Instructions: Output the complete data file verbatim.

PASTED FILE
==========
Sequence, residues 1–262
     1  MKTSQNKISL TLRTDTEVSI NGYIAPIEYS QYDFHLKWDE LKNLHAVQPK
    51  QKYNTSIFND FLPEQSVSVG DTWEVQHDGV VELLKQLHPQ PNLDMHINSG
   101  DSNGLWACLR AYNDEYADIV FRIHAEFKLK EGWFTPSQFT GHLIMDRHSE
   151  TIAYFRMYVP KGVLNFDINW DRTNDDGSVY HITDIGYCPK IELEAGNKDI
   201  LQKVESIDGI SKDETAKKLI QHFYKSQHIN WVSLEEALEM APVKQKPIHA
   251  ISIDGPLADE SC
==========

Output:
Sequence, residues 1–262
     1  MKTSQNKISL TLRTDTEVSI NGYIAPIEYS QYDFHLKWDE LKNLHAVQPK
    51  QKYNTSIFND FLPEQSVSVG DTWEVQHDGV VELLKQLHPQ PNLDMHINSG
   101  DSNGLWACLR AYNDEYADIV FRIHAEFKLK EGWFTPSQFT GHLIMDRHSE
   151  TIAYFRMYVP KGVLNFDINW DRTNDDGSVY HITDIGYCPK IELEAGNKDI
   201  LQKVESIDGI SKDETAKKLI QHFYKSQHIN WVSLEEALEM APVKQKPIHA
   251  ISIDGPLADE SC